G-d full of mercy

By Rabbi Greg Alexander

As I write this, Cape Town is still staggering under the weight of the third wave.

We are all counting the losses and every day brings yet another funeral, another zoom shiva prayers. The month of Elul is always a time of introspection and reflection as we prepare for the High Holy Days, and in an ordinary year, many of us have the custom of coming to the cemetery to visit graves of family and friends. This year, not only are these visits forbidden by the COVID restrictions, but we are here in Pinelands Cemetery too often for funerals instead. The dusty mounds of new graves at the cemetery’s edge are a grim symbol of what our small community has been through in the past year and a half.

The incomparable Israeli poet, Yehuda Amichai, wrote a disturbing poem titled El Malei Rachamim – (G-d Full of Mercy), the only too well-known opening line of the hazkarah, the traditional memorial prayer chanted at Jewish funerals. In his poem, Amichai accuses G-d of hoarding all the mercy for Herself. As Amichai puts it, “G-d Full of mercy/ If God was not full of mercy/ Mercy would have been in the world/ Not just in Him.” In other words, the poem condemns G!d for the lack of compassion in this world. By being “full of mercy,” G@d left no mercy for everyone down here on Earth. Amichai continues, “I, who brought corpses from the hills/ Can tell you that the world is empty of mercy.”

Amichai lived through World War 2 with all its horrors and fought there and in the many wars of Israel’s early years and when he says that he “brought corpses from the hills” he is speaking not just as a poet but also from experience. It’s a bleak outlook on the world and if we take this approach that the world is “empty of mercy” how do we find the strength to get up in the morning? How can we see a way forward when the next strain of Coronavirus forges through our community?

We must be able to counter this grim picture of our lives and seek to answer the question of how a G-d of Mercy can allow the Coronavirus to do what it has to our world. It is surely the greatest question of our times.

There are generally three ways that I hear people answering this question and I want to suggest a fourth. The first is that G-d is punishing us for something (add in here for our sins, for our lack of faith, for our ‘corrupt world’ that permits abominations like abortion and same-sex marriage or even to tell the world that [insert name of religion] is the true one etc) and I have to say outright that the G*d that I believe in does not work this way, and that these explanations are usually less about G!d and more about our own human prejudices. Not only has the virus not ‘punished’ any specific group, but those most brutally affected have been those who were most vulnerable physically and economically when it began, and a G!d of justice and mercy is not going to do that.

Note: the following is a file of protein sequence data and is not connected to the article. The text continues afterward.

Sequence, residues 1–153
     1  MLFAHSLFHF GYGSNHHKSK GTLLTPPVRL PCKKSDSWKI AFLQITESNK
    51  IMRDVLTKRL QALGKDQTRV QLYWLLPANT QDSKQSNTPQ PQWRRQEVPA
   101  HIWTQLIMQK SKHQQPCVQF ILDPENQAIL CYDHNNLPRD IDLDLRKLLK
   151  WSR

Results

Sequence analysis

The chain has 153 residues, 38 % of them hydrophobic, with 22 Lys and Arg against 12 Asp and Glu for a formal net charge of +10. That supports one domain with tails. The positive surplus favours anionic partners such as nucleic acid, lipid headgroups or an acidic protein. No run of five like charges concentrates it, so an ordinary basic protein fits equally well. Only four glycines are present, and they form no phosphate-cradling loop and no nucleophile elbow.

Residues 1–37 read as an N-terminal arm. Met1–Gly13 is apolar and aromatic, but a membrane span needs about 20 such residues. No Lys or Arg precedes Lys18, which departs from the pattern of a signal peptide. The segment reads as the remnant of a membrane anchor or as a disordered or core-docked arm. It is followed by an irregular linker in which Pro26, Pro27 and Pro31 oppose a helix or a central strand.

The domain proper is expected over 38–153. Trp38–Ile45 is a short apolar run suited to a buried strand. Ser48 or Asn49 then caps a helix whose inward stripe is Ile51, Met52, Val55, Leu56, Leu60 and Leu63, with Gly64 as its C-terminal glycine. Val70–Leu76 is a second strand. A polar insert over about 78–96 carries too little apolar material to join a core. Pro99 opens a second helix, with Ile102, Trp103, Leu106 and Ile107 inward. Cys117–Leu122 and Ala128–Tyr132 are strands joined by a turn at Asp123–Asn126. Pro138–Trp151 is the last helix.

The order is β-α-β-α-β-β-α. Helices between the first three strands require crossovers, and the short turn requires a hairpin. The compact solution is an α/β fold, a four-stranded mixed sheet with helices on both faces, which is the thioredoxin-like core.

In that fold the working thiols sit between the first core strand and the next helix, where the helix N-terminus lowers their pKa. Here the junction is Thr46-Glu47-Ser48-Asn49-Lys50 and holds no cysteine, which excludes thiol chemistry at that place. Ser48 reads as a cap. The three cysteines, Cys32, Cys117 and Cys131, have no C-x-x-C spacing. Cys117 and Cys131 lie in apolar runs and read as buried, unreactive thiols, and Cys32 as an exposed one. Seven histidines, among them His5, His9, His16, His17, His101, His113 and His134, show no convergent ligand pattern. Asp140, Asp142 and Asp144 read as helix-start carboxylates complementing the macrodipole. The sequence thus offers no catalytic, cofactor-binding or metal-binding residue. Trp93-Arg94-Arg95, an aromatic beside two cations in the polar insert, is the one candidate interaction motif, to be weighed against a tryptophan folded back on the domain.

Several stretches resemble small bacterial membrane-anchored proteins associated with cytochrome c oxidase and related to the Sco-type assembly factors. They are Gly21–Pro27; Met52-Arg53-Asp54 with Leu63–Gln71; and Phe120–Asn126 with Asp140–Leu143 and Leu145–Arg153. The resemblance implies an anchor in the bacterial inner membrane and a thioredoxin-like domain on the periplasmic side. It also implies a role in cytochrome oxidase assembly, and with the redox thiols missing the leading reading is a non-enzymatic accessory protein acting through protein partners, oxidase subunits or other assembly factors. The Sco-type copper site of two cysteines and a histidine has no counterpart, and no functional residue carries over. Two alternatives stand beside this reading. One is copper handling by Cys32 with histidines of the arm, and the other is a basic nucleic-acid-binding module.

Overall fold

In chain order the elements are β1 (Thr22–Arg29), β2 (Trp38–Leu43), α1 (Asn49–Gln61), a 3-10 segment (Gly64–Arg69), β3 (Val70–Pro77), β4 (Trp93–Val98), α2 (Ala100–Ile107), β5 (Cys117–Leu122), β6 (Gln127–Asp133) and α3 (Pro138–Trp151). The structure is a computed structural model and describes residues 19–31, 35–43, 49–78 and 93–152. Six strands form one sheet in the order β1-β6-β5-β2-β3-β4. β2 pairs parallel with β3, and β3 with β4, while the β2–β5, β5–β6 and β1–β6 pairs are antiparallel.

The second answer is that this is just the way of the world. In the words of the Talmud, ‘Olam k’minhago noheig – the world goes according to its custom’ (see BT Avodah Zarah 54b). This is a logical answer, but it leaves us feeling pretty ambivalent about G-d, a distant, uncaring Ruler of our world. Would a G!d of Mercy allow something like Corona to just rip through the world because that’s the way of disease?

Thirdly, there are those who will say, “You can’t understand G-d – it’s a mystery beyond us.” Or, in the words of the prophet Isaiah, “For My thoughts are not your thoughts, neither are your ways My ways, declares the Eternal. For as the heavens are higher than the earth, so are My ways higher than your ways and My thoughts than your thoughts.” (Isa. 55:8–9)

While of course, we are limited in our human ability to know the Divine, the problem with this thinking is that it ignores the entire project of Judaism which is to try to understand the meaning of our lives, why we exist. And here lies the fourth approach to this question.

There is a reason that G@d bothered to reveal Herself at Mt Sinai and that we have made study of Torah the core activity of Jewish life for the 3500 years since then. That is surely that there is a way to understand (at least something of) this world. That our lives have meaning and purpose and that we have been given the ability to reason and think and speak and read to decode the mystery. While we might not get to all the answers, we have to strive towards trying. Why was our world so susceptible to this virus? Has it not exposed the wide gaps between those who have access to medical care and those who have not? Those who have the ability to stay home and order food online and those who stand on the street corners desperate for handouts?

The world is challenging, it always has been, and the Coronavirus has not left any corner of our planet immune from its devastation. Our response is surely to be partners with G-d in responding to it. We have to rise to the challenge to reset our priorities, to recreate society as a kinder, fairer, more compassionate world for all its creatures. To use the opportunity now to make positive changes to the way we look after our Earth and each other. And to see the beauty and possibility about us everyday, every moment.

The world,” said the Baal Shem Tov, “is full of miracles, but we take our little hand and cover our eyes and see nothing.” As we prepare for these Highest and most Holy Days, let us seek to be the partners that G@d needs to repair our world.

Temple Israel www.templeisrael.co.za

• Published in the PDF edition of the September 2021 issue – Get the PDF here.

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